Ironically, it is that very approach to mapping, one that is indecisive rather than domineering, that has embroiled Google in some of the globe’s hottest geopolitical conflicts. Thanks to the logic of its software and business interests, Google has inadvertently waded into disputes from Israel to Cambodia to Iran. It is said that every map is a political statement. But Google, by trying to subvert that truth, may just be intensifying the politics even more. Read more…

***UPDATE: Now Costa Rica and Nicaragua are at it.***

Coffee & business: Is death by good taste a noble death?

Last week I posted about the dilemma of anonymity for businesses, citing the example of Julian Assange at WikiLeaks. And this week, I’ve been thinking about another business dilemma, albeit on a more micro scale. And, lordy, it’s a frightfully middle class one. Anyway, darlings…

Whenever I cycle or drive home from my girlfriend’s flat in the morning, I pass a very nice little coffee shop. The staff always seem lovely, and they open earlier than anyone else in the area. The coffee is very tasty, too. However, on a few occasions I’ve asked them to make my coffee slightly hotter than they usually make it, as I like my throat to be scorched first thing in the morning. In a fairly polite way, they refused.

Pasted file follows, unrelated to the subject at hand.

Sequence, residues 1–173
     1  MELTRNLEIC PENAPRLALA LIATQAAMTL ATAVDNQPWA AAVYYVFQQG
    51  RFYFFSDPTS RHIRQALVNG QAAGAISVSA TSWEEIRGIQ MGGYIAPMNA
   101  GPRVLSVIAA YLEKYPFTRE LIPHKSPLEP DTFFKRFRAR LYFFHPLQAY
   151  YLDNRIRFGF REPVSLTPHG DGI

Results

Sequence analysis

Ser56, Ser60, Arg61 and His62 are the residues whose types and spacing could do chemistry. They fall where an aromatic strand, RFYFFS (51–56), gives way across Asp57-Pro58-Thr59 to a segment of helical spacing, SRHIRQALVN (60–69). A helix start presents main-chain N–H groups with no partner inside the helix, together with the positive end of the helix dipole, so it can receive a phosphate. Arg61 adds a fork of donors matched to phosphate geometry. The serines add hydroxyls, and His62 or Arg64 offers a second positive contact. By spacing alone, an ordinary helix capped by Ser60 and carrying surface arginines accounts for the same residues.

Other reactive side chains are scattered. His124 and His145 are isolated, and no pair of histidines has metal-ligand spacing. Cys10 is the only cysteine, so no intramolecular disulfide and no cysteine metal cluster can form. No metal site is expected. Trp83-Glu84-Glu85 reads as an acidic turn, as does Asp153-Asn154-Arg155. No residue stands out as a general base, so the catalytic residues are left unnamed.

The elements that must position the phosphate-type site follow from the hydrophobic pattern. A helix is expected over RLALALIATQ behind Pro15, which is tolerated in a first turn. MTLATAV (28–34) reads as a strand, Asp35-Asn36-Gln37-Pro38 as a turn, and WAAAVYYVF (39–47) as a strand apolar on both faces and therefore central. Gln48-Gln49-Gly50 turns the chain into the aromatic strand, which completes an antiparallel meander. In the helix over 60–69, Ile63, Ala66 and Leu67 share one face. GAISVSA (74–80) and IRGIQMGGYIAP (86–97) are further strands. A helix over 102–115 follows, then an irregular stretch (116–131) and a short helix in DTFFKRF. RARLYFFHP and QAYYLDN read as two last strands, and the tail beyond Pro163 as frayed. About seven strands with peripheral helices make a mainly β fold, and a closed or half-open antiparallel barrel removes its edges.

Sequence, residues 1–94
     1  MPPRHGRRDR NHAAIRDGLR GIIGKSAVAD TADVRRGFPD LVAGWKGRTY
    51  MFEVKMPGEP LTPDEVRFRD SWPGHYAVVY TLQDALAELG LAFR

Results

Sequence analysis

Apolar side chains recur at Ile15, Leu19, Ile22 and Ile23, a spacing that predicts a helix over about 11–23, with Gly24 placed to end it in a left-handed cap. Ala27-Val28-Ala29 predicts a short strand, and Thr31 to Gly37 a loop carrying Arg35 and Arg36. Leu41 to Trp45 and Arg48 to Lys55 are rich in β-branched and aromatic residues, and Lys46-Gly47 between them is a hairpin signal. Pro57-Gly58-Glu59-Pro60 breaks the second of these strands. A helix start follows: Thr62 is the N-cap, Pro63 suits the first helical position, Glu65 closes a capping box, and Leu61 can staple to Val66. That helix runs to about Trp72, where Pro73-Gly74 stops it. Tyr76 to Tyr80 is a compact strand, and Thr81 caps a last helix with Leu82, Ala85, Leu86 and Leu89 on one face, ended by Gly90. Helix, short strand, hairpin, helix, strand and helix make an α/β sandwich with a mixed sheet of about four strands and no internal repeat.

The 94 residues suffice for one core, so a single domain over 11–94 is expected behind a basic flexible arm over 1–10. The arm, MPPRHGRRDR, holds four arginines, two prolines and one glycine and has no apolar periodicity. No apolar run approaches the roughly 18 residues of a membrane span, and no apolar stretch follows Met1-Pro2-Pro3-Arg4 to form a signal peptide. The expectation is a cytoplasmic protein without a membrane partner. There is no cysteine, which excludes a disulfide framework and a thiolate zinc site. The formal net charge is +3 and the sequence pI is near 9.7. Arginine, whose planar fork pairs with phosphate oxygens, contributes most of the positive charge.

You see, if the milk is too hot when added to the coffee, it burns it. For a coffee purist, this is sacrilege – equivalent to cooking a £20 fillet mignon well done. And they would rather not give you anything than give you a ruined product. At this coffee shop, the same applies for decaf and iced coffee: they simply don’t do it.

One one hand, I understand them.  They believe passionately in what they do, and in doing it right. But their principles imply that the customer is not always right, and this is a bold furrow to plough. It’s also potential business suicide – if you don’t give customers what they want, you can certainly expect them to go elsewhere, especially when there are a number of other great coffee shops in the area.

Again, I’m eager to know what you think. Should a business only supply products it fully believes in, and risk a slow death by good taste? Or should they give their customers what they want?

ReelDirector: Video editing on the iPhone

Last week I made a video. It’s fairly crappy. However, considering it was filmed, edited, and uploaded solely using an iPhone, and took 10 minutes to cut, it’s not as crappy as it could be. I used an app called ReelDirector, which at £2.39 is a mighty fine deal. Indeed, the new iPhone 4 has in-built video editing. Point is, mobile video editing could be a superb tool for on-the-go journalists, and, sometime soon, I expect to see some pretty powerful stuff being produced from a phone alone. Which isn’t to say my buddy Ian grilling steaks isn’t powerful.

Vodpod videos no longer available.